Since opening in 1937, the Golden Gate Bridge has been a symbol of American engineering. The suspension bridge runs about 1.7 miles and is set in place by two main cables with wire ropes running vertically. Over the years, scraps were sold off and in 2006, Strands of History bought the remaining inventory of these precious materials. The company sells pieces of the cables as mementos, but is now looking at functional designs that can feature the beauty of the ropes. Transforming suspender ropes into weight bearing table legs was no easy feat, and the company worked with Bushey Ironworks to create steel bases that compress and stabilize the cables while highlighting their helix form.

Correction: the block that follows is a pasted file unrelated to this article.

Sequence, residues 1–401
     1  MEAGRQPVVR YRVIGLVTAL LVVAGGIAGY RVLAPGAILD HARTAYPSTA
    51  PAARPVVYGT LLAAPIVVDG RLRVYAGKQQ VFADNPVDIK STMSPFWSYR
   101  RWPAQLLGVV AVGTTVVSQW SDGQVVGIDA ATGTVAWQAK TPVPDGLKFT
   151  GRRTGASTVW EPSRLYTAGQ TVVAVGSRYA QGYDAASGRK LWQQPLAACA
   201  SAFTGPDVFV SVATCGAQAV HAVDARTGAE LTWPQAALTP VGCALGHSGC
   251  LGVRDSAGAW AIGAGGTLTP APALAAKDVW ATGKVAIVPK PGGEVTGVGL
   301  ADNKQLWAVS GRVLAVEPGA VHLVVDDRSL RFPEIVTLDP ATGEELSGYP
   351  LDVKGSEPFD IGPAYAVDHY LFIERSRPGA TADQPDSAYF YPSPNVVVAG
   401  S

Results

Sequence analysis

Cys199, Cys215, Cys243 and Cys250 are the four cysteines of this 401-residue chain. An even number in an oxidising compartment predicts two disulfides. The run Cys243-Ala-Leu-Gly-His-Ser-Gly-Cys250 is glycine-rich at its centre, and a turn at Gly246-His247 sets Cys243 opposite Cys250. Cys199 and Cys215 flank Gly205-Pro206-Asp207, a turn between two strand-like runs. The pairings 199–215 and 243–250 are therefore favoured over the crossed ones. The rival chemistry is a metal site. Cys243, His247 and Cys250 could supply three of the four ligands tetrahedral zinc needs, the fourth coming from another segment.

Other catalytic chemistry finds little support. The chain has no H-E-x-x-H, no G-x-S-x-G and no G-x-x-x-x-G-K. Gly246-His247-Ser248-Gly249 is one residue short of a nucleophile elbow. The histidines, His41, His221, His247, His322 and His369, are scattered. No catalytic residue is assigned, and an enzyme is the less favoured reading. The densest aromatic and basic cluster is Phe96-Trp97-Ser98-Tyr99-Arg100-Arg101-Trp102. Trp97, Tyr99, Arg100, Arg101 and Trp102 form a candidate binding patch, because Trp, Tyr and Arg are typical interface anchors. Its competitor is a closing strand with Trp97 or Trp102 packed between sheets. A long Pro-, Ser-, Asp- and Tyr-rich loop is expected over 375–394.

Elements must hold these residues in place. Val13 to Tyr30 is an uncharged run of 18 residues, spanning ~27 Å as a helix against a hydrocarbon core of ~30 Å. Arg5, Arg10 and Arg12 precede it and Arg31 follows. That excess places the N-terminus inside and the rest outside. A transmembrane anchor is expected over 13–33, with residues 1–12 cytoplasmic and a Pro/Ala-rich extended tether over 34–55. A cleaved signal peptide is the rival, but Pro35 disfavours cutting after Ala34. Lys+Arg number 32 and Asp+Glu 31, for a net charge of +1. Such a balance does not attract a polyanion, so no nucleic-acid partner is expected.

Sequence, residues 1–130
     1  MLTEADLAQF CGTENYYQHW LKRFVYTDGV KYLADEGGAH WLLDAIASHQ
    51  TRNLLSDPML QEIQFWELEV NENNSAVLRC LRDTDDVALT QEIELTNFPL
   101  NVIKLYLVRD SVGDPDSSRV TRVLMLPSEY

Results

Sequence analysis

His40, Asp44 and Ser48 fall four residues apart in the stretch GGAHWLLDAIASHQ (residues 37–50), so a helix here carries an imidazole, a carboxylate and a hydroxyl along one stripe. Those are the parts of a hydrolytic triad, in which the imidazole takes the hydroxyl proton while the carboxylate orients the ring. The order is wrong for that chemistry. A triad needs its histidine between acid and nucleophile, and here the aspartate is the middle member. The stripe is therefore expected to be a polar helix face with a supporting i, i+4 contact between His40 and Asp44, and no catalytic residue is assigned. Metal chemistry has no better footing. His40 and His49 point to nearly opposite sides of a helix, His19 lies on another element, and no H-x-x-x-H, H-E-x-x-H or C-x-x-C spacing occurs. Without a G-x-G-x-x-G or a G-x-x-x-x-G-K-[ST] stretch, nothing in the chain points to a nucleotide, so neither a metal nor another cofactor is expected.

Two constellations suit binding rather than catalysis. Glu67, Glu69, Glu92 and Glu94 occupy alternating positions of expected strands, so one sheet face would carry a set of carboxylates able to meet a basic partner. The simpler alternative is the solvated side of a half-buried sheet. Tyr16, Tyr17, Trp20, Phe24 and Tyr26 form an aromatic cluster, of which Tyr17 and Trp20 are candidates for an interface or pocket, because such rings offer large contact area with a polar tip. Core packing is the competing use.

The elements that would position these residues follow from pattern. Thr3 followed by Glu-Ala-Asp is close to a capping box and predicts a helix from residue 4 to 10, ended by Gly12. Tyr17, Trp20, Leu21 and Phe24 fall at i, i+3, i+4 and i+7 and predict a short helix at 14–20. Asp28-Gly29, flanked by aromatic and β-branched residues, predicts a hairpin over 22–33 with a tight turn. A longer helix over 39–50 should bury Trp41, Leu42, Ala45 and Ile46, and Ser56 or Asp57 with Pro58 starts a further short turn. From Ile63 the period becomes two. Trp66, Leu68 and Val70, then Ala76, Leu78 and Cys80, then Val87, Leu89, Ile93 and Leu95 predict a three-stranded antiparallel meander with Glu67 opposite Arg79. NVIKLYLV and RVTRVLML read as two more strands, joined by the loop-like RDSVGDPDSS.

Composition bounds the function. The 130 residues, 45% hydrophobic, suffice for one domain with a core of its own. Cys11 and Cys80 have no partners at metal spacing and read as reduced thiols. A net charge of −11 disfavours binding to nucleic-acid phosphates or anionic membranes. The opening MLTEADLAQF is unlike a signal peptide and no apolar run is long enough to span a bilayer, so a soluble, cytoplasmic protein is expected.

The use of walnut was also a deliberate choice. “Andy Cline of Roundwood Furnituresuggested using Claro-walnut for the top for its inherent beauty as the grain flows like the wire ropes,” shares Bob and Mary Zimmerman, owners of Strands of History. “The fact that the ropes and the walnut are about the same age (over 80 years old) just adds to the appeal of the table.”

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